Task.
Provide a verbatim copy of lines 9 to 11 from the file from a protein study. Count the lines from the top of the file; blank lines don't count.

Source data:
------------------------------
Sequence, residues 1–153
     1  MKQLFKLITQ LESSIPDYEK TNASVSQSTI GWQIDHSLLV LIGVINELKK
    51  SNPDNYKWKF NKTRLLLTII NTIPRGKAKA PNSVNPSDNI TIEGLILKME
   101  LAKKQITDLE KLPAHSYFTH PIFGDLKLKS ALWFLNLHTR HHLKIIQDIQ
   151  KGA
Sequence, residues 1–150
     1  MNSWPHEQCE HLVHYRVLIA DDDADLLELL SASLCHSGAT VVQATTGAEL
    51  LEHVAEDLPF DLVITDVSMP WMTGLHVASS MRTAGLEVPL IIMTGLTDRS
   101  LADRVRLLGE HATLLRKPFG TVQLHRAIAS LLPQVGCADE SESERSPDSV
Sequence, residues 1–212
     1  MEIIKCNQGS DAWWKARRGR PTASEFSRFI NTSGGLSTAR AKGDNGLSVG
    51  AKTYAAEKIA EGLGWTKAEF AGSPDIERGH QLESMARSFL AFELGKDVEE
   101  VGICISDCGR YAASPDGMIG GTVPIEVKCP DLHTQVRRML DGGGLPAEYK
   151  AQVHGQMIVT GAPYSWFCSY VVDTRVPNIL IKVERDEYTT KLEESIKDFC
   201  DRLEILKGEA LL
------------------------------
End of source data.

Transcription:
   101  LADRVRLLGE HATLLRKPFG TVQLHRAIAS LLPQVGCADE SESERSPDSV
Sequence, residues 1–212
     1  MEIIKCNQGS DAWWKARRGR PTASEFSRFI NTSGGLSTAR AKGDNGLSVG